Using Eye-Tracking Technology to Understand How Graphic Organizers Aid Student Learning

Using Eye-Tracking Technology to Understand How Graphic Organizers Aid Student Learning

Linlin Luo (University of Nebraska – Lincoln, USA), Kenneth A. Kiewra (University of Nebraska – Lincoln, USA), Markeya S. Peteranetz (University of Nebraska – Lincoln, USA) and Abraham E. Flanigan (University of Nebraska – Lincoln, USA)
Copyright: © 2017 |Pages: 19
DOI: 10.4018/978-1-5225-1005-5.ch011
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Abstract

In the past three decades, several studies have found an achievement advantage for studying graphic organizers such as a hierarchy or matrix over studying linear displays such as a text or outline (e.g., Dye, 2000; Guri-Rosenblit, 1989; Kauffman & Kiewra, 2010). However, little was learned about how students study graphic organizers and the cognitive processes involved. Recently, the advancement of eye-tracking technology has provided a means to examine how students actually study graphic organizers and the types of processing that occur. The purpose of this chapter is to explore how eye-tracking technology can be used to understand how graphic organizers aid student learning. Specifically, this chapter introduces graphic organizer research and theory, reviews recent research that used eye-tracking technology to study graphic organizers, and offers future research directions.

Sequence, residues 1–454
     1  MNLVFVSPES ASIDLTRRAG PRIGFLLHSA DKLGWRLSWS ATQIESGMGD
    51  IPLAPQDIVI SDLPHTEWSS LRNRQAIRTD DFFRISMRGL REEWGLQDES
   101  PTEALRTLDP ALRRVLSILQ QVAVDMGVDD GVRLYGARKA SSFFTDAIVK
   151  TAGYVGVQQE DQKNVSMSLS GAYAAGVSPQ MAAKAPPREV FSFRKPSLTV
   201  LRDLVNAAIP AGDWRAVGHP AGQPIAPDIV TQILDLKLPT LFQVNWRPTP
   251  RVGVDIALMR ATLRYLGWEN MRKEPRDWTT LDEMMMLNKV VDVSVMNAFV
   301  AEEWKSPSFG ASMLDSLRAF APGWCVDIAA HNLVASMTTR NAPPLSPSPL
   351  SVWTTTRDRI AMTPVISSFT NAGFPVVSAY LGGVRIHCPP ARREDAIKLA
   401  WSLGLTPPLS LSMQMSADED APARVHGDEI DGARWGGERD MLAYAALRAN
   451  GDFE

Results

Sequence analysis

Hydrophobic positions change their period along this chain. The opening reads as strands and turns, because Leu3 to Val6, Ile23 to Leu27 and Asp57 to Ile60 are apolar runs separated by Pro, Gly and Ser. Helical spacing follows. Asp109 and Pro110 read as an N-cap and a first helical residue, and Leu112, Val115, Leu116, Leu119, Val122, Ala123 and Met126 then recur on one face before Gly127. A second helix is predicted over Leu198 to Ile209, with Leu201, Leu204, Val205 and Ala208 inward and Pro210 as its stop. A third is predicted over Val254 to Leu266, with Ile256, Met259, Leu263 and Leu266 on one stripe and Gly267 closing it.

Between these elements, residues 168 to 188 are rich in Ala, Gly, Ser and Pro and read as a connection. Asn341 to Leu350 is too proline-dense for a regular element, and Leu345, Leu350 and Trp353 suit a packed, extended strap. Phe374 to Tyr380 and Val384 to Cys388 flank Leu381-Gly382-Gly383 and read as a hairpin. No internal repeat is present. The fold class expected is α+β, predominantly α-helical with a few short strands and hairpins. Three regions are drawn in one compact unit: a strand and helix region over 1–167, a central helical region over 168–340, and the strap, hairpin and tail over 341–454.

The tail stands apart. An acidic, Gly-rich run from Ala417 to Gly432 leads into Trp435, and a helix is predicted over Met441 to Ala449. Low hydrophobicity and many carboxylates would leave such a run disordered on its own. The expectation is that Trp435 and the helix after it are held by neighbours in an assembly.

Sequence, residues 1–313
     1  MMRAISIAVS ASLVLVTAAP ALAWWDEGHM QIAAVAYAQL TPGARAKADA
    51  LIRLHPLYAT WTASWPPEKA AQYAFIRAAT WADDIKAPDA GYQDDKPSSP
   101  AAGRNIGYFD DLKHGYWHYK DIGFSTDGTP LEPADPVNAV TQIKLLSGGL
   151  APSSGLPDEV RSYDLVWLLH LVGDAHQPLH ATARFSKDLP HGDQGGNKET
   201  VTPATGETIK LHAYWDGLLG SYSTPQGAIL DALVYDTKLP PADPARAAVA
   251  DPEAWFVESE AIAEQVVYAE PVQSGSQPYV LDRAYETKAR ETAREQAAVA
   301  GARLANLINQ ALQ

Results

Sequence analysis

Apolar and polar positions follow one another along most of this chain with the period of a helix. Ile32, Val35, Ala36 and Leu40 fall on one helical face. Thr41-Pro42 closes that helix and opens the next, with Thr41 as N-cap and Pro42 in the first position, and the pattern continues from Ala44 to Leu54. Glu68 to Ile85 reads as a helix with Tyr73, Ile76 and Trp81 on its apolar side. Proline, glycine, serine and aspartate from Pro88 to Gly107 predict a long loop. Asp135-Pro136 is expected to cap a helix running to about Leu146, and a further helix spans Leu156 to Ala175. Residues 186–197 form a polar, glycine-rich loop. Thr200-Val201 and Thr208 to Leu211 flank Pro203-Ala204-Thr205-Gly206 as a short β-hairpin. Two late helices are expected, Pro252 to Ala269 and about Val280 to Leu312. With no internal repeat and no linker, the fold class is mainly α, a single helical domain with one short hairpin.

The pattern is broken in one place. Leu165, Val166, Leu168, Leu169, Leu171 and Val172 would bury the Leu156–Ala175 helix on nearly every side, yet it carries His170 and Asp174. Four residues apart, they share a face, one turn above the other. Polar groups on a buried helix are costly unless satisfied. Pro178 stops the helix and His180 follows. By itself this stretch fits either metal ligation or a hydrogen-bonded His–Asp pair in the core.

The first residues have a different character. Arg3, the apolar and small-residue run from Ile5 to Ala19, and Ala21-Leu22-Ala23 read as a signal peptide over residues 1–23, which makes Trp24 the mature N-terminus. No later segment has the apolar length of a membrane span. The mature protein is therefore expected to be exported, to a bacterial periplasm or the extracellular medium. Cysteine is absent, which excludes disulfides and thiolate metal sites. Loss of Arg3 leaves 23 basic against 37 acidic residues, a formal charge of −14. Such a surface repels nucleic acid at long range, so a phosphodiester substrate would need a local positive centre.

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Introduction

Although it has long been established that studying graphic organizers such as hierarchies or matrices results in higher achievement than studying linear text such as outlines (e.g., Dee-Lucas & Larkin, 1995; Guri-Rosenblit, 1989; Kauffman & Kiewra, 2010; Robinson, 1998), little is known about how graphic organizers are actually studied. More recently, investigators have used eye-tracking methods to determine how students study graphic organizers (e.g., Luo, Peteranetz, Flanigan, Witte, & Kiewra, 2014; Ponce & Mayer, 2014a, b; Salmerón, Baccino, Cañas, Madrid, & Fajardo, 2009). The purpose of this chapter is to describe how eye-tracking technology is used to investigate how students study graphic organizers and to report what has been found. Toward that end, this chapter:

  • 1.

    Introduces graphic organizers,

  • 2.

    Reviews graphic organizer research and theory,

  • 3.

    Specifies research limitations and the need for eye-tracking technology,

  • 4.

    Reviews eye tracking in educational research,

  • 5.

    Explores eye-tracking methods and findings related expressly to the study of graphic organizers, and

  • 6.

    Identifies research limitations and proposes future research directions.

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